Doctors' strike: What you need to know

Doctors will stage 24 hours of industrial action on June 21 Photo: Press Association

Doctors are taking industrial action for 24 hours in protest at the Government's controversial pension reforms.

On June 21 thousands of doctors will not treat any non-urgent cases; the stoppage will be the first industrial action taken by the profession for more than 40 years.

The British Medical Association (BMA) said the strike will definitely go ahead, unless the Government come back to the table to discuss the changes to the terms and conditions of their pensions. They have also refused to rule out further action.

Who will be affected by the strike?

  • Out-patients in hospitals and GP surgeries

What type of appointments will be affected?

  • Non-urgent hospital out-patient appointments
  • Elective, non-urgent surgery e.g. knee operations, hip operations, cataract removal, hernia repair
  • Non-urgent appointments at GP surgeries

What type of appointments will not be affected?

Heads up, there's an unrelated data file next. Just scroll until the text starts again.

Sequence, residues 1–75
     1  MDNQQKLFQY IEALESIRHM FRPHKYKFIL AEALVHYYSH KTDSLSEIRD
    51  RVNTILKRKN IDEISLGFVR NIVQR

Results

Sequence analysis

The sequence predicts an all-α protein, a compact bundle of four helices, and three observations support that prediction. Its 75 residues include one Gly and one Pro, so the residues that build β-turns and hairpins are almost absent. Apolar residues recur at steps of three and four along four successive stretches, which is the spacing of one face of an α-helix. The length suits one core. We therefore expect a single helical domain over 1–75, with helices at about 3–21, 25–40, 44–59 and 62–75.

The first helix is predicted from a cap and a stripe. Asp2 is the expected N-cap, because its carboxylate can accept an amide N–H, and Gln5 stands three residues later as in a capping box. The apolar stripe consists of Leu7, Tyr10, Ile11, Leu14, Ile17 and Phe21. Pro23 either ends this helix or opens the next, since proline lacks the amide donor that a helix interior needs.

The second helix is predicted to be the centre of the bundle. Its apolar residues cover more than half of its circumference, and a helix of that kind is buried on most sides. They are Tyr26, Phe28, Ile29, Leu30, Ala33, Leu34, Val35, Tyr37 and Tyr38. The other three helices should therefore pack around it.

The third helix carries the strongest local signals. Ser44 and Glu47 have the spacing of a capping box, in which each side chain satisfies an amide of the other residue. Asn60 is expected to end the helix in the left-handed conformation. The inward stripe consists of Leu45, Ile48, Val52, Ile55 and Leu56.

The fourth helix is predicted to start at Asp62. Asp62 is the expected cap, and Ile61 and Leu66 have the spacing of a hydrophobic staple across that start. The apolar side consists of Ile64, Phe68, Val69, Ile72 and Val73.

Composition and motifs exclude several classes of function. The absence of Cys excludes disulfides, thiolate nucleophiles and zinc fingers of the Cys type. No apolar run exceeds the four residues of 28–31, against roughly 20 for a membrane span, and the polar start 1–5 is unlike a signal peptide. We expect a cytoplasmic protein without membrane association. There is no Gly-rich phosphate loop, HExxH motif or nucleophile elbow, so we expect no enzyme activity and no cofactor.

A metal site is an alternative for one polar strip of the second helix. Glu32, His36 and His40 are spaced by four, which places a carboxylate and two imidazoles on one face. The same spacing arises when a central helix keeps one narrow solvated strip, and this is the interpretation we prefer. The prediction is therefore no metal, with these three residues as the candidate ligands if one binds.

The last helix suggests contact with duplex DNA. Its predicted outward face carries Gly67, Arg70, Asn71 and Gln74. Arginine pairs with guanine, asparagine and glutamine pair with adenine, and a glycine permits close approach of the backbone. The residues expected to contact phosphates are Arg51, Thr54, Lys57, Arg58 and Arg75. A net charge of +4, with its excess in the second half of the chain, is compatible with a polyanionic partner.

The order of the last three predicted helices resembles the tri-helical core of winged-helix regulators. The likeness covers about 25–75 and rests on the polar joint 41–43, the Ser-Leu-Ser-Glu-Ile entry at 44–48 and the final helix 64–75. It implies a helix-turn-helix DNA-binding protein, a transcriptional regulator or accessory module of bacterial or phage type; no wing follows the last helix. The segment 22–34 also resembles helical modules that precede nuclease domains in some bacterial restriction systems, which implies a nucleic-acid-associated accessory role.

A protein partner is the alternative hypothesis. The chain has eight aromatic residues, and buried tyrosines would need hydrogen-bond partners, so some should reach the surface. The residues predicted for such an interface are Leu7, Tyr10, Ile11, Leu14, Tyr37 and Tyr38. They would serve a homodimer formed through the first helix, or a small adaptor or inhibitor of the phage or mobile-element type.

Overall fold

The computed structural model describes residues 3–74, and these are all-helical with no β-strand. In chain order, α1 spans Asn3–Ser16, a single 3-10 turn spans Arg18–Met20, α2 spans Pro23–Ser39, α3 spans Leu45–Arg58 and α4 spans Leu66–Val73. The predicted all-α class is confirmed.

• New cancer referrals and cancer surgery, including chemotherapy
  • Emergency and urgent procedures
  • Emergency investigations and discharges for inpatients
  • Accident and Emergency (A&E) departments
  • Maternity wards
  • Patients who turn up at a GP surgery who consider themselves in urgent need of attention
  • Urgent prescription requests

Will patients in hospitals be affected?

  • No, the BMA says patients in hospitals will not be affected. Doctors will be at work, they will just not be attending any non-emergency cases.

I have an appointment scheduled for June 21st. What should I do?

  • At the moment, nothing. The BMA say that they will release more information in the coming days. GP practices will remain open and fully staffed on the day of the action, and anyone with an appointment on the day will be called over the next few weeks to reschedule.

The BMA say they have been forced into taking the action by the "overwhelming reaction" from their members. They say they are doing all they can to ensure the impact on patients is minimal.

Doctors will remain bound by their professional duty to their patients as defined by the General Medical Council. Although there will inevitably be inconvenience for some patients, anyone requiring care or investigation that day will receive it.